by Dr. Toby Brooks
Sports Skill Acquisition
As a lover of all things sport since a child, my entire life has been shaped by decisions motivated primarily by how I might continue to play or be involved in competitive athletics. It might come as little surprise, then, that my most recent (and with any luck final) professional relocation to work at Texas Tech University was at least partially motivated by a desire to provide additional athletic opportunities for my children should they choose to play sports, too. Compared to my family’s previous home, west Texas provides significantly better opportunities, coaching, and facilities for most team sports, and Lubbock also affords access to other potential athletic exposures simply not possible where we lived before. Simply put, should my kids decide to play or compete in just about anything short of surfing, Lubbock offers them a better chance to maximize their abilities. And so far, they have both taken a liking to softball (daughter Brynnan, age 7) and baseball (son Taye, age 4).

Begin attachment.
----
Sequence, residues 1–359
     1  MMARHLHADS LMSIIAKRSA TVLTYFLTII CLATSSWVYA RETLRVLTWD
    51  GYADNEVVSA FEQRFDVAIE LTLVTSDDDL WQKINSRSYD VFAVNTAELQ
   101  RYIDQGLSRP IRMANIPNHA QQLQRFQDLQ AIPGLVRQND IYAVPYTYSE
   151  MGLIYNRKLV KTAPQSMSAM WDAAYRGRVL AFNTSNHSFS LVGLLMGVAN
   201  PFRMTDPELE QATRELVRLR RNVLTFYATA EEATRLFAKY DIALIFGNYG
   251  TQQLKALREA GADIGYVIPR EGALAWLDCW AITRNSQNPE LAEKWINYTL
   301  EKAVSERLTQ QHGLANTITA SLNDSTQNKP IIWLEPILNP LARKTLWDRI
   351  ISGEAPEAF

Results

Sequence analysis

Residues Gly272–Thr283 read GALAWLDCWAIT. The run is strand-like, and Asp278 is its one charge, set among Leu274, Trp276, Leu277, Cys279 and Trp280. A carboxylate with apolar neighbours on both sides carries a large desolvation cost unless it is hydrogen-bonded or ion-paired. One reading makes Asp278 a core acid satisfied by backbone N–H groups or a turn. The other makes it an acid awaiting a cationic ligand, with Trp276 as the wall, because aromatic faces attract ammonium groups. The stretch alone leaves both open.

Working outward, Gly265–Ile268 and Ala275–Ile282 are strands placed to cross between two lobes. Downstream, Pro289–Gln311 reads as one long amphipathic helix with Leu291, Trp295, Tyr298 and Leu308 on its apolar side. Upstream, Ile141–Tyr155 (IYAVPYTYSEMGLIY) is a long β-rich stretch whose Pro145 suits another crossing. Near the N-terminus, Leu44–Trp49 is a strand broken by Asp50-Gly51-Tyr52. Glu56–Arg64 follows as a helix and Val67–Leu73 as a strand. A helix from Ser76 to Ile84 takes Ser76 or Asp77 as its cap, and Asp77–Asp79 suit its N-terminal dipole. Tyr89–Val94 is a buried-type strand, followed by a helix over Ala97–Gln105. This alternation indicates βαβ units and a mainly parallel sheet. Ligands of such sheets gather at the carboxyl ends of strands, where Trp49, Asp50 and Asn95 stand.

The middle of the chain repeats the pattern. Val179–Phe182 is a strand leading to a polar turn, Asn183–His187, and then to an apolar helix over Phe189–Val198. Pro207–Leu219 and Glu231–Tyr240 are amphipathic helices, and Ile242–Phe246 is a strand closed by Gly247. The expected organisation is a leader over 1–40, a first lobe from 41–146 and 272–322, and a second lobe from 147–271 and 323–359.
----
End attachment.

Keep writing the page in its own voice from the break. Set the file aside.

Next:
That said, in my role as the IYCA’s Director of Education, as a scholar, and as an athletic trainer and a strength and conditioning specialist, I have staked my reputation behind the simple belief that early sport specialization is detrimental to the long-term success of most developing athletes. Despite the growing trend of professional level coaching, year round travel and elite teams, and high dollar training centers catered specifically for youth, I believe that the science supports multilateral skill acquisition over early specialization any day. How can I then espouse such beliefs on one hand yet subject my own children to the very same well intentioned yet subtly misguided behaviors on the others? The short answer is I don’t.